Brad Pitt sues Angelina Jolie over French property
Brad Pitt is suing Angelina Jolie for selling her share of the French vineyard where they got married.
Superstars Pitt and Jolie, who were once Hollywood's highest profile couple, bought a controlling stake of Chateau Miraval in southern France in 2008, and tied the knot there six years later.
But they filed to dissolve their marriage in 2016 and have remained locked in court battles since, including over custody rights for their six children.
According to a lawsuit filed by Pitt in California on Thursday, the couple had "agreed they would never sell their respective interests in Miraval without the other's consent."
But last October, Jolie sold her stake to a "Luxembourg-based spirits manufacturer controlled by Russian oligarch Yuri Shefler," the legal document obtained by AFP says.
Pitt's filing alleges that Jolie broke the terms of their original agreement by not offering him first refusal for her share, and that she is seeking to "recover unearned windfall profits for herself while inflicting gratuitous harm on Pitt."
"Jolie long ago stopped contributing to Miraval -- while Pitt poured money and sweat equity into the wine business, building it into the ascendant company it is today," it states.
Pitt's lawsuit requests a trial by jury.
It describes the vineyard as a "small, unprofitable wine business" that was "in need of renovation" prior to the couple's purchase in 2008.
The pair paid "approximately 25 million euros ($28 million)," with Pitt contributing 60 percent and Jolie the remaining 40 percent.
But Pitt went on to pay for renovations "in a manner far disproportionate to his relative ownership share" on the understanding Jolie would not pull out of the investment without his consent, the suit says.
Pitt brought in Marc Perrin, one of France's top winemakers, to help transform the business into a leading rose wine producer, but "Jolie had no involvement in these efforts," it continues.
Revenues reportedly grew from approximately $3 million in 2013 to more than $50 million last year, with Miraval recently launching a new line of rose sparkling wine.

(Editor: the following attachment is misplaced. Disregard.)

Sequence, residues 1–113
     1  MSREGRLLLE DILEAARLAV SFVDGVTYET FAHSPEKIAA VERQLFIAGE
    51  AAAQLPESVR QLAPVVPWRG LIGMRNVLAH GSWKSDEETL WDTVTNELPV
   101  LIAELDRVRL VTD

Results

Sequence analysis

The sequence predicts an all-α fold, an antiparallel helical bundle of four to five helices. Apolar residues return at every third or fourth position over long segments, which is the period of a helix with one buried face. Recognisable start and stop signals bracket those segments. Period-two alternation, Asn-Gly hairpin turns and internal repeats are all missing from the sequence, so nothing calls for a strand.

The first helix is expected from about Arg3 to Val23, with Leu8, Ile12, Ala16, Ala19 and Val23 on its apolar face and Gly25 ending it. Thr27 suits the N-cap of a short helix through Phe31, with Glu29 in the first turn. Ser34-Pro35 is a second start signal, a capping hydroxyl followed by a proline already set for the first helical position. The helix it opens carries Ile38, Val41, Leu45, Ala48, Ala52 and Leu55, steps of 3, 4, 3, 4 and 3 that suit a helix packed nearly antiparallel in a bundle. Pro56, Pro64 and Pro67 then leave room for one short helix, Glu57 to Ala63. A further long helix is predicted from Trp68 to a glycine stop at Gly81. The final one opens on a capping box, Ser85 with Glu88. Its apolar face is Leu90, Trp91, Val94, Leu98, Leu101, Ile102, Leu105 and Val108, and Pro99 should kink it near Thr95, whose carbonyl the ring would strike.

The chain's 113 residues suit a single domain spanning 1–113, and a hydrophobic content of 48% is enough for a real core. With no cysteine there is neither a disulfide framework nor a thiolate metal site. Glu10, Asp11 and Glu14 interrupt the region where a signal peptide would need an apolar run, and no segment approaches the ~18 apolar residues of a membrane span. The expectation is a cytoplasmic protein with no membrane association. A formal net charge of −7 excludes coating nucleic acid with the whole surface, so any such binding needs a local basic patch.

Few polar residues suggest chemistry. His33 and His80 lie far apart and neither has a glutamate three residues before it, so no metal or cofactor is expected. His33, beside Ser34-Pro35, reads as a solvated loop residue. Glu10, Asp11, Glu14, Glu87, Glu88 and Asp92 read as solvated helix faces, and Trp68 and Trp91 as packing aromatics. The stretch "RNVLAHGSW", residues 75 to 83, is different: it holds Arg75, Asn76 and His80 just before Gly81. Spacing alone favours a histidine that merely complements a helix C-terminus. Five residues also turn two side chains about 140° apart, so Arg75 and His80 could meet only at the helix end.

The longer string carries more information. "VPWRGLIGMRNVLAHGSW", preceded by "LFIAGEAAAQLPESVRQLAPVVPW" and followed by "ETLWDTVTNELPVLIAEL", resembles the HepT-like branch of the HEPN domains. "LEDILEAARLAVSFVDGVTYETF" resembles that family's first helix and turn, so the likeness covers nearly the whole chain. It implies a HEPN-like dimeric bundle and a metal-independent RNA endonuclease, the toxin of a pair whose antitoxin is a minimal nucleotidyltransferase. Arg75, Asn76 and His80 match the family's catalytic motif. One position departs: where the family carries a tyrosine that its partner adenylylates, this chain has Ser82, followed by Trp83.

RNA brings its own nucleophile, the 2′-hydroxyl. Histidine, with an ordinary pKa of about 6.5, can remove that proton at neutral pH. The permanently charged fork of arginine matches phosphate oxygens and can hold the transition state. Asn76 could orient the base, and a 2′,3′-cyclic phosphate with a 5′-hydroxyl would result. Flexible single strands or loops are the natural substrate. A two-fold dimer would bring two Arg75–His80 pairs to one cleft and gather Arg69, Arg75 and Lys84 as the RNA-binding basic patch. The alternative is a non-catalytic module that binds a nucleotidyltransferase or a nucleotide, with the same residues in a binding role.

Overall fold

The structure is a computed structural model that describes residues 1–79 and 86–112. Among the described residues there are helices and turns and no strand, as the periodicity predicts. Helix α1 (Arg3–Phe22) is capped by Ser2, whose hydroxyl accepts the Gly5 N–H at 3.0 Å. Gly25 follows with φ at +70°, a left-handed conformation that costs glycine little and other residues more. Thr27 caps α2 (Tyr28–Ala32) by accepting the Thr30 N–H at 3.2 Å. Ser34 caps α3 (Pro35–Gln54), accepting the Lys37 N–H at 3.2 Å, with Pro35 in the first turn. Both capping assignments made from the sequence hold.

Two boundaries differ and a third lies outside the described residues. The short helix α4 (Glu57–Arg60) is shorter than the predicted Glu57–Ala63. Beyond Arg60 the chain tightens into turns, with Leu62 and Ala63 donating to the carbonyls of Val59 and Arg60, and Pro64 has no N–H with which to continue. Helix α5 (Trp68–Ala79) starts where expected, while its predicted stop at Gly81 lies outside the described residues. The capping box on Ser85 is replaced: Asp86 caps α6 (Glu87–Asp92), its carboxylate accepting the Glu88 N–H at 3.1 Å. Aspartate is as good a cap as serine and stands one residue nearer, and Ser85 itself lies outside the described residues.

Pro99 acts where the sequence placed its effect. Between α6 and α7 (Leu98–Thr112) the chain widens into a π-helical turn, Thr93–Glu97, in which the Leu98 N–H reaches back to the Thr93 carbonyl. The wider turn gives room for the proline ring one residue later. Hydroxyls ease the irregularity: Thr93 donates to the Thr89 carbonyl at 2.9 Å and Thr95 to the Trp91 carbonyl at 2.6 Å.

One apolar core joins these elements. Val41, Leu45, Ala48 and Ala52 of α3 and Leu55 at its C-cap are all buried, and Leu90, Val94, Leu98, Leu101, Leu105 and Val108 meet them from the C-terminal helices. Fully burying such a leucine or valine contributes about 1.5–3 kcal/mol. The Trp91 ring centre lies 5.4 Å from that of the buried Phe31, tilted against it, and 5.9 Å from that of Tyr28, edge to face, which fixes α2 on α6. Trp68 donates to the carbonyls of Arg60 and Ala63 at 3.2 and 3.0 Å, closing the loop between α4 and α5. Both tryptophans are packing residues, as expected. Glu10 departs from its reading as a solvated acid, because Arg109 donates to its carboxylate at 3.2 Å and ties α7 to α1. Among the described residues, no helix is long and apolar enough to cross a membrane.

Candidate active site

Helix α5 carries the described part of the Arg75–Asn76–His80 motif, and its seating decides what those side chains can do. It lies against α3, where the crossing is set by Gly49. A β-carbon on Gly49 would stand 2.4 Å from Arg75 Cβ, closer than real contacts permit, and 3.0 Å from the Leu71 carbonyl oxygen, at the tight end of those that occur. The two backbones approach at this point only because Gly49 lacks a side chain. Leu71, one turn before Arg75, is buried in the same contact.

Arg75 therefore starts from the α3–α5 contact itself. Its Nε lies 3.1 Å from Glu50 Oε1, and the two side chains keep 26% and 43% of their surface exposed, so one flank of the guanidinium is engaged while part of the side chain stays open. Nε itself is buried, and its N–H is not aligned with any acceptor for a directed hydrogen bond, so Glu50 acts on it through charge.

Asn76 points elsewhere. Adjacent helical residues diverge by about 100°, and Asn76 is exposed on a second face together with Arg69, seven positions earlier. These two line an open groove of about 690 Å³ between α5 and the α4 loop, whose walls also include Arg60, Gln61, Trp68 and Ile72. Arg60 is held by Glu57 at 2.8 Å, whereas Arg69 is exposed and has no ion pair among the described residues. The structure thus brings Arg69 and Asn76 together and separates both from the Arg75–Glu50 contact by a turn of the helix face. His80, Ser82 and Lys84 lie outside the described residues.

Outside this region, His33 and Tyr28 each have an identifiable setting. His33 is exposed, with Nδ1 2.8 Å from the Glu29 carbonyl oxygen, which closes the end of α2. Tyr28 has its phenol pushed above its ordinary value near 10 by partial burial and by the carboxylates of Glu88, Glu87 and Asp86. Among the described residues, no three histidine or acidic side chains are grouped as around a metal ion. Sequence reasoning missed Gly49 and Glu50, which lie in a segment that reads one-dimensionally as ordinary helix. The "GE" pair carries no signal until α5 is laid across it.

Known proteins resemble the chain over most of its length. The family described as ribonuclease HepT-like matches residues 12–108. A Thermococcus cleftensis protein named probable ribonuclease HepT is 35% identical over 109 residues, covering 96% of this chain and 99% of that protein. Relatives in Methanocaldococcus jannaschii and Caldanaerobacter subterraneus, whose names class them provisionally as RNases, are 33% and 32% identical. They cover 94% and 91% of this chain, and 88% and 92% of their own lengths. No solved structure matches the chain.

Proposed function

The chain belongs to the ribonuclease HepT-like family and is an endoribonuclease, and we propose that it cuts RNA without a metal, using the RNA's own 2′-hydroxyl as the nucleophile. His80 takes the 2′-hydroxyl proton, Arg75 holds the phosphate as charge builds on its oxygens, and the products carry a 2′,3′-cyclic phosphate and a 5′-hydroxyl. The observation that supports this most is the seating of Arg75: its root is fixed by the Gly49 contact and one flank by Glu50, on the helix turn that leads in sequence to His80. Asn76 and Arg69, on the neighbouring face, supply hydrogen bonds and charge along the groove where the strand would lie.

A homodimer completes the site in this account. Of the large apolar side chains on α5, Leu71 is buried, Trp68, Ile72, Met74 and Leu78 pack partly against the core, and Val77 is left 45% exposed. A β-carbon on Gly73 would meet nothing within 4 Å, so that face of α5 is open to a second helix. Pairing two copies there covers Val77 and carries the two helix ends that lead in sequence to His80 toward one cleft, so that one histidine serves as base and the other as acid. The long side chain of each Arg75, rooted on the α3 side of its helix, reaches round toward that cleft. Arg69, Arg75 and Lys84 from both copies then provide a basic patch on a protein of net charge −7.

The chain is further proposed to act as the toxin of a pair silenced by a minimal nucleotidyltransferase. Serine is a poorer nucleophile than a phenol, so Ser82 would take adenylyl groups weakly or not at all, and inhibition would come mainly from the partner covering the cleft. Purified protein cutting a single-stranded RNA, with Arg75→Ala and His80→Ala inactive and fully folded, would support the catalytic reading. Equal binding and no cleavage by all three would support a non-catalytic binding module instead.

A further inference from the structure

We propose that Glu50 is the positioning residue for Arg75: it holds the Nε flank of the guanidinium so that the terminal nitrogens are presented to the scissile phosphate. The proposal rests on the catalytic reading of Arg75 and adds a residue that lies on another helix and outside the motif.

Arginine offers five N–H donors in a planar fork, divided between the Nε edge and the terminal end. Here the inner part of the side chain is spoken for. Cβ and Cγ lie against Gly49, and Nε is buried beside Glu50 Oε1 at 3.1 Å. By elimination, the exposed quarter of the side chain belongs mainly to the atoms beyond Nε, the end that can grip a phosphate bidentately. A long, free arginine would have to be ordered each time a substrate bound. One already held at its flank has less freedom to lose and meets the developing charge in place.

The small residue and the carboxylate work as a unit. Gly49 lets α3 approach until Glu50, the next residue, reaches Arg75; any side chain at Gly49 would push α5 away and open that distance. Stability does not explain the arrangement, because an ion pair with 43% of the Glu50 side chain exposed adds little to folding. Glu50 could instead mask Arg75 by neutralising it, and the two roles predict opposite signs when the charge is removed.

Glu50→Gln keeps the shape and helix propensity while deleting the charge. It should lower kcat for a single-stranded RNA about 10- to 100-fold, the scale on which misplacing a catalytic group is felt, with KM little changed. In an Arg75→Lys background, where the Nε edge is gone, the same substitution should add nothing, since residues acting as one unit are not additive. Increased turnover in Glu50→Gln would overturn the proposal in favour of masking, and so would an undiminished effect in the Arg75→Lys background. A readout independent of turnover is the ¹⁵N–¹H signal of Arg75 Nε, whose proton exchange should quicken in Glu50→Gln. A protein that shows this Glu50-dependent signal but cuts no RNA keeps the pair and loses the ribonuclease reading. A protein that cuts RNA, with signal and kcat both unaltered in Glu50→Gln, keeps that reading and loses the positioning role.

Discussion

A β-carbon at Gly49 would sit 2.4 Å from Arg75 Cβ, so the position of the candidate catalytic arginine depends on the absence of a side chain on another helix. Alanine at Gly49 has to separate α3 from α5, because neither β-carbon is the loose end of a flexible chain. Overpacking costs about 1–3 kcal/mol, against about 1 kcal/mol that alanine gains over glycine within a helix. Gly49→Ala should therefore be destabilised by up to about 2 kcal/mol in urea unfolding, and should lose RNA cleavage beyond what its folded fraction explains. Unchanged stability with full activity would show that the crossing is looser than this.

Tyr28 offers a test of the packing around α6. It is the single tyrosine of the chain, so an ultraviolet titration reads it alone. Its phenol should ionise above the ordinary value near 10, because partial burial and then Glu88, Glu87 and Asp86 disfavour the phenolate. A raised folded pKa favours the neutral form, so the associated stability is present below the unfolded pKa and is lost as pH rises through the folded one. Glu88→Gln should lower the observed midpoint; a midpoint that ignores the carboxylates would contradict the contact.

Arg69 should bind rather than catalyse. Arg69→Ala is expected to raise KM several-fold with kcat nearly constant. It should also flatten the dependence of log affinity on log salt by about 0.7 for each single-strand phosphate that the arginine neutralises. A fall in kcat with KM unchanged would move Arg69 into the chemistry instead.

A source with knowledge of the case told AFP that Jolie "is seeking a return on an investment she did not make and profits she did not earn."
Jolie's lawyer said the actress had not yet been served with Pitt's lawsuit, and that her representatives were "learning about the complaint from the media."
"I understand that Mr. Pitt is aware that Ms. Jolie is on a long-haul commercial international flight with their children, out of reach, and unable to respond," said Robert Olson in a statement to AFP.
Tenute del Mondo, the drinks company that purchased Jolie's share, said in a statement that it "chose to invest in Miraval as it is an exceptional wine and brand that complements our portfolio."
"We entered this partnership wanting to bring the talent, skills and distribution channels that will only further enhance the Miraval offering and make Miraval the most successful brand of rose wine and champagne," the company added.
A-listers Pitt and Jolie first became a couple after co-starring as married assassins in the 2004 film Mr. and Mrs. Smith. Pitt was married to Jennifer Aniston at the time.
Pitt, now 58, was accused of striking one of his children during a flight from France to Los Angeles shortly before Jolie filed for divorce, but was later cleared by the FBI and social workers.
The pair announced in 2018 they had reached an amicable settlement over the children — three biological and three adopted.
But last July, Jolie scored a win in their custody battle as the private judge overseeing their divorce and custody matters was disqualified from the case.
Judge John Ouderkirk — who had also officiated their wedding at the vineyard — was found to have financially benefited from separate work with Pitt's attorneys, and was disqualified from the case by a California appeals court.
The ruling meant the custody case essentially had to be restarted before a new judge.
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